Paul: As a kid, I didn’t realize that the only bands I looked up to were only made of white men. I think hanging around the LI music scene also made me forget at times that I was Latin-American (in those spaces). I love Sum 41 because their guitarist was/is a brown dude that absolutely shreds. However, in high school I was introduced to Pierce the Veil and that was the first time I saw Latin-American people play punk music. I loved how unapologetically Mexican they were on stage and how much latin music influenced their songwriting. Their bassist sometimes wears the Mexican soccer jersey for their sets and that inspired me to do the same with Peruvian jersey.

Ashrita: Growing up, not really. I grew up in the Midwest. Like I said earlier, most of my friends were white and so were the riot grrrl/grunge bands we listened to. I felt like I never saw (and have yet to find tbh) an Indian girl fronting a heavy punk band. I definitely love Gwen Stefani’s voice in “No Doubt,” and it’s actually something that I tried to work into this next single we’re releasing. She’s a very white (and sometimes very racially problematic) musician, but I loved the music “No Doubt” released. It took me a while to realize that this music was who I am and what I liked, and that I could forge a path as a musician in the scene. I think it took meeting other POC in the music scene to do it. I guess I would say I look up to my peers of color both in the scene and in the band. It’s been really inspiring to meet others with similar backgrounds who have continued to make their music whether they saw themselves represented or not, so I guess you could say I look up to them.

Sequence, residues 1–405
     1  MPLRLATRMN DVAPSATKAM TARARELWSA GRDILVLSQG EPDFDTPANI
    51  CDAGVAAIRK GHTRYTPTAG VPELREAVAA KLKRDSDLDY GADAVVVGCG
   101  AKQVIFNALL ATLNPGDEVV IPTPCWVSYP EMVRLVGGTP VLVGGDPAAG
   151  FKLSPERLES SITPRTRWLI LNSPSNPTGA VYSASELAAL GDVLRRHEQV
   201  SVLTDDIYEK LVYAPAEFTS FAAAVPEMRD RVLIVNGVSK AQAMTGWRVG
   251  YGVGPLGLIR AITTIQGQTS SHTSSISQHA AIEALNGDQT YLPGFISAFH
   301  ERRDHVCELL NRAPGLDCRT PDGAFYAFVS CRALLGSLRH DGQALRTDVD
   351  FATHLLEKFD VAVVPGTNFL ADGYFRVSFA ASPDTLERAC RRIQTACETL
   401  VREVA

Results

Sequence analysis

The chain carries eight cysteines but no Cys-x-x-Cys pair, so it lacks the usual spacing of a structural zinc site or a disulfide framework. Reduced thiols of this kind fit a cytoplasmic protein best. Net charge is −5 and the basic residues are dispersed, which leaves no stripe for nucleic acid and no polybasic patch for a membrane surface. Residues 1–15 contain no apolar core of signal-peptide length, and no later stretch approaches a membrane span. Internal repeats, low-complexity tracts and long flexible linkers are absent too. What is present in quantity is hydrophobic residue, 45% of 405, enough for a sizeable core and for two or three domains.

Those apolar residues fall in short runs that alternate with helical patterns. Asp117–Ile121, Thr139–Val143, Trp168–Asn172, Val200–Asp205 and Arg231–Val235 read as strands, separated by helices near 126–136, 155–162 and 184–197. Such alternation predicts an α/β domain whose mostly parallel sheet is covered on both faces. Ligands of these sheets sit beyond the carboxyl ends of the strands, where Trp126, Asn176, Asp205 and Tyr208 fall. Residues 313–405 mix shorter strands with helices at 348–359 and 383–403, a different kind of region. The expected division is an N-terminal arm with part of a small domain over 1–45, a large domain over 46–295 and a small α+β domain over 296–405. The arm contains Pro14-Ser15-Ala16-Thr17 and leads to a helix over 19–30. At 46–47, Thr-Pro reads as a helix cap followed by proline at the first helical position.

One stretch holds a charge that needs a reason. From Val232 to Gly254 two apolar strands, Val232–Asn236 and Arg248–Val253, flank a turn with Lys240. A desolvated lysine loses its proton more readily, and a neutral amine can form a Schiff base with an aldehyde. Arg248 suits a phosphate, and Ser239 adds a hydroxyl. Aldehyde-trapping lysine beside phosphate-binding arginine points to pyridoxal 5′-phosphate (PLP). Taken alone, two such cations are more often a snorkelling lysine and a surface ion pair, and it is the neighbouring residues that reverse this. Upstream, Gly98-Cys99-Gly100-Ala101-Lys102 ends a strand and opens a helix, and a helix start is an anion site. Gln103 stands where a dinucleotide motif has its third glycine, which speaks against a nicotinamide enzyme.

Myron: It depends. Growing up, I felt extremely represented in the rap and hip hop industry (obviously), but not so much in the rock and punk industry. Therefore, I split my music taste into “white” and “black” music and believed that I had no business in a rock band when I was younger. I remember losing my mind in high school when I found out that Pete Wentz was half black, and that was something I latched onto.